Takfir wal-Hijra isn't a new threat, but its revival is. "Before, most of them were either imprisoned or making mandatory visits to state security, so they had no space to breath," explains Ahmed Abu Deraa, a journalist in al-Arish. Takfir was a prime suspect in the string of terrorist bombings that ravaged South Sinai tourist resorts from 2004 to 2006, leaving nearly 150 people dead. And that has given them an "unwanted" status among Sinai's majority, Abu Deraa says.
But the winter uprising that ended the 30-year reign of President Hosni Mubarak also opened a security vacuum in areas of the Sinai along Egypt's border with Israel and the Gaza Strip, where other extremist groups have found a foothold. Bedouin smugglers report that Palestinians now cross easily between the two sides via the tunnels, further subverting Egypt's grip on area security. And without a police force to keep watch, Takfir has started holding quiet weekly meetings at mosques in the border town of Rafah, Abu Deraa says.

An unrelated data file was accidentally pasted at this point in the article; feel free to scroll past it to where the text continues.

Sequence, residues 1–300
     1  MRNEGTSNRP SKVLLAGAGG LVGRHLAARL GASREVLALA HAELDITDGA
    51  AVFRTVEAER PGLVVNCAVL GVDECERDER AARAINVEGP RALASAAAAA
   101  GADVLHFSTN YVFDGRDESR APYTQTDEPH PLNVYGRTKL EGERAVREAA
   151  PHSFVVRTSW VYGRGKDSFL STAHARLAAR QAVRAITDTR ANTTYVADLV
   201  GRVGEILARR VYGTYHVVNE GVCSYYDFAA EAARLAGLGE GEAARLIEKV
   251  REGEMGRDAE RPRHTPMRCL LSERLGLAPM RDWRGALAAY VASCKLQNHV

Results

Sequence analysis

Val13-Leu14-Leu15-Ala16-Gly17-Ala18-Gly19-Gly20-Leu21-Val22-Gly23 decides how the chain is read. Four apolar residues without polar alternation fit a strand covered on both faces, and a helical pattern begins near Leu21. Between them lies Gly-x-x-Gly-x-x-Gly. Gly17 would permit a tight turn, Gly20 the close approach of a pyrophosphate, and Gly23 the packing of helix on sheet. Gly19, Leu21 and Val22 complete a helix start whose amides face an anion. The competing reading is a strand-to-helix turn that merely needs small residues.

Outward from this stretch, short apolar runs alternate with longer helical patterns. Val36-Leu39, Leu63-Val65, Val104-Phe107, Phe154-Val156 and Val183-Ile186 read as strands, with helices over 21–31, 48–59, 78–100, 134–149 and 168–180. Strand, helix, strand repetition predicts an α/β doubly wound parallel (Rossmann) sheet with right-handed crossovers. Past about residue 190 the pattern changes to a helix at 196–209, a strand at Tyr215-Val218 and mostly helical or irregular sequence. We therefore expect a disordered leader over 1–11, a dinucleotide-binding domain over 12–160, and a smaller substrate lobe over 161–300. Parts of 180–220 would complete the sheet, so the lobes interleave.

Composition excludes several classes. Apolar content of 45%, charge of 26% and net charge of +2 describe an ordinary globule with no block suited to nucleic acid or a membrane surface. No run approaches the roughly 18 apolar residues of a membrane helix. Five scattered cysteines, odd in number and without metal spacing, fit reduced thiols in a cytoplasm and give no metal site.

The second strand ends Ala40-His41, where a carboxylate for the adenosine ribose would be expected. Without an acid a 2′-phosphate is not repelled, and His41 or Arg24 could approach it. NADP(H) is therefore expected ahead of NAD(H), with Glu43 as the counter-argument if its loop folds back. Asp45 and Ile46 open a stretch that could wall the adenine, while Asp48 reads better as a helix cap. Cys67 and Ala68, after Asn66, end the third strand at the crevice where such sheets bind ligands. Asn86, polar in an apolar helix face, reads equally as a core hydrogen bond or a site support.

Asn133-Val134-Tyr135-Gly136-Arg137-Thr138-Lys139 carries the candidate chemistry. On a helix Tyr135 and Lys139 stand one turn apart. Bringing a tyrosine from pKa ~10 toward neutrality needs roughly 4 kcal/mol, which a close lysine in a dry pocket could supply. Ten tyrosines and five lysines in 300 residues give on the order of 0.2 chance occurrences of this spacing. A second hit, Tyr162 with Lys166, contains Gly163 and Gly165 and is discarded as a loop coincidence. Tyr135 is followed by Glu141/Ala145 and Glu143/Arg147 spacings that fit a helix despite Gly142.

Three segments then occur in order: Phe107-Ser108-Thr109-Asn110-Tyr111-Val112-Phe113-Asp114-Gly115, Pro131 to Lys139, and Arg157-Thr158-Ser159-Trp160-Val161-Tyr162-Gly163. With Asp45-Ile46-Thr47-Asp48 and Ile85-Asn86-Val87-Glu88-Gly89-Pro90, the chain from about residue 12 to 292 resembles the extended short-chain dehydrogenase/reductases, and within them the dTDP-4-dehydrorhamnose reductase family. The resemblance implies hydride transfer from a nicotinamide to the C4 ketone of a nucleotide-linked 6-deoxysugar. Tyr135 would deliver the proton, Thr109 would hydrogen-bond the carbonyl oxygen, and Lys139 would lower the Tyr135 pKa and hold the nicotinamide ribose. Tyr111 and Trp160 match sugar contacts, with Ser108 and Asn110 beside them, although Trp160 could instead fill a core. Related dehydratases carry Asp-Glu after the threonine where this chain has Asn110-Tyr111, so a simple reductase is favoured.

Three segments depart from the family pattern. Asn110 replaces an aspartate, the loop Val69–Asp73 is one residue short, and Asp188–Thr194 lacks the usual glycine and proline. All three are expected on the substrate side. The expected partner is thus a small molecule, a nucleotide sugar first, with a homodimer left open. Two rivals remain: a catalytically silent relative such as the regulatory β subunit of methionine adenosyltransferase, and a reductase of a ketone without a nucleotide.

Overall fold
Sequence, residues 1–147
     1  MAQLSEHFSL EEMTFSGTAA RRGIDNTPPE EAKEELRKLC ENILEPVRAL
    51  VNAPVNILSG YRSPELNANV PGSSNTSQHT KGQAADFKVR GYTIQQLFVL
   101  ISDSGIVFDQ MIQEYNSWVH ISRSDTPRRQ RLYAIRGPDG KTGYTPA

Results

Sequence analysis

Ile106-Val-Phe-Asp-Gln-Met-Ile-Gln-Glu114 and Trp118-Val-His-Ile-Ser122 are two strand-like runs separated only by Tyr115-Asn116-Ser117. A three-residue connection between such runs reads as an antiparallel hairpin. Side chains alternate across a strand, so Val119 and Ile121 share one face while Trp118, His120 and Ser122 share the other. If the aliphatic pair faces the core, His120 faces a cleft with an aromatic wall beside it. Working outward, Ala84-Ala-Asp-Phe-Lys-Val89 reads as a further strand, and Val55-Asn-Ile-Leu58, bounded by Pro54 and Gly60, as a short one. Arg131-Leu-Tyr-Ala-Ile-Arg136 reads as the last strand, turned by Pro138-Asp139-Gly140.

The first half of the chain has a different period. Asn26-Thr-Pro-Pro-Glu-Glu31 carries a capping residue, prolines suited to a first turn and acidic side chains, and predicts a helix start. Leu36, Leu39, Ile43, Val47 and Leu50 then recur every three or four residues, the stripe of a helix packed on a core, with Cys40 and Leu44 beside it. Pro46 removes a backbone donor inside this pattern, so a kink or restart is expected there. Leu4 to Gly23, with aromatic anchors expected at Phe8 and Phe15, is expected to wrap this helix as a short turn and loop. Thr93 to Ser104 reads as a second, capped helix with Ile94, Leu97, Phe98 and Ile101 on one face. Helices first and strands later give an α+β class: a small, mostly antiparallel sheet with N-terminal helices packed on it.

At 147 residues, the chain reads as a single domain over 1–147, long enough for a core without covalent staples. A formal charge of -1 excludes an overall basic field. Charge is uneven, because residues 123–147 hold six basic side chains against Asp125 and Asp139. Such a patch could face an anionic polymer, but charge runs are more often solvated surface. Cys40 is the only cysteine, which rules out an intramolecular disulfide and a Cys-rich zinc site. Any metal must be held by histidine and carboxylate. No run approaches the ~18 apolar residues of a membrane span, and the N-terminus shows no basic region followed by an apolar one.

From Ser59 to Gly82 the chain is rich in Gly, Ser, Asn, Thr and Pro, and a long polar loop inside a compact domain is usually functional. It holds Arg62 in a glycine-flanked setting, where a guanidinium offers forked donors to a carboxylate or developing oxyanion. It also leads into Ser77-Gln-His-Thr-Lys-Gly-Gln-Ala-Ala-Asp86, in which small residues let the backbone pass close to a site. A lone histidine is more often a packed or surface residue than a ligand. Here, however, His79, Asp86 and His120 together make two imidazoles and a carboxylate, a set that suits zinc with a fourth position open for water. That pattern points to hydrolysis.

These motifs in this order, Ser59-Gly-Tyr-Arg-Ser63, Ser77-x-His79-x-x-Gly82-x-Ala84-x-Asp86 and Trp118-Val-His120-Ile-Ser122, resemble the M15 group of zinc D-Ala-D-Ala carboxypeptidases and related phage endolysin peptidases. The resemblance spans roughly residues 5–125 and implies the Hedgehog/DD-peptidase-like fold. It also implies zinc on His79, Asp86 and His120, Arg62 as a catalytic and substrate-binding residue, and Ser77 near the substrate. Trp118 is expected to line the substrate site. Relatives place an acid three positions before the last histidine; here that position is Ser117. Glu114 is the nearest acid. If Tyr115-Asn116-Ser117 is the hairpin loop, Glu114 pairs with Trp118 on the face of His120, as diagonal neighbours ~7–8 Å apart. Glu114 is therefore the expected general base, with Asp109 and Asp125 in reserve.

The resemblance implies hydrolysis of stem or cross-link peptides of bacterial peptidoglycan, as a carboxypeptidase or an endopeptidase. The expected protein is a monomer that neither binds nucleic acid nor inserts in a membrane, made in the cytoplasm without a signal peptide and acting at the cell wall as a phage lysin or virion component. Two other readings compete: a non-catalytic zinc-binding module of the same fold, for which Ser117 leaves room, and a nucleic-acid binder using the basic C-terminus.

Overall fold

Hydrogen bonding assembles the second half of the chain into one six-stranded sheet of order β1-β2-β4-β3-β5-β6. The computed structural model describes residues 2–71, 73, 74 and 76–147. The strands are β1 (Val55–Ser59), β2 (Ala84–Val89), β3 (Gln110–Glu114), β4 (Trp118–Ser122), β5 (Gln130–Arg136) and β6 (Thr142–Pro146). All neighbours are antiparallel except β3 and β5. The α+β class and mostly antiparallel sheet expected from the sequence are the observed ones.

Unlike a rival Islamist group, "Dawa," which has enjoyed a large local following in recent months, Takfir aims to take control of the territory, some residents say. And that's not something that tribal leaders and smugglers who have stepped in to fill the security void left by a retreating police force say they're comfortable with. "If their numbers grow large, they'll kill people," says Mahmoud. "And if that happens, we'll arrest all of them." He doesn't specify how. But Mahmoud's friend Mohamed, an arms smuggler, nods: "We'll do it under the table, above the law."
"Under the table" has been Sinai smugglers' protocol for some time. But with the police force now entirely absent from parts of the Sinai, a loosely organized tribal justice system known as Urfi often takes its place. If security conditions stay that way, tribal leaders say that Urfi law will be the only way to block Takfir's rise. "Every day there is a new problem," says Saleh, another smuggler, of the spiraling security situation. "For example, problems between tribes: how they treat each other. Land disputes. Mostly, the conflicts are financial." The Sinai was never a stage for real justice, Saleh says. But the police presence used to keep family disputes from erupting into serious violence. The Takfir showdown in Sheikh Zweid would have been a rare occurrence six months ago.
Now, when conflicts arise, the male generational heads within a family meet to decide how to act, explains one Sawarka tribal leader, Abu Ahmed. Sometimes that decision translates into armed attacks on other families, or roadblocks that halt traffic and commerce for days. "They're old disputes, because of old problems," says Ibrahim, Abu Ahmed's son. "But [the increase] is because of the anarchy."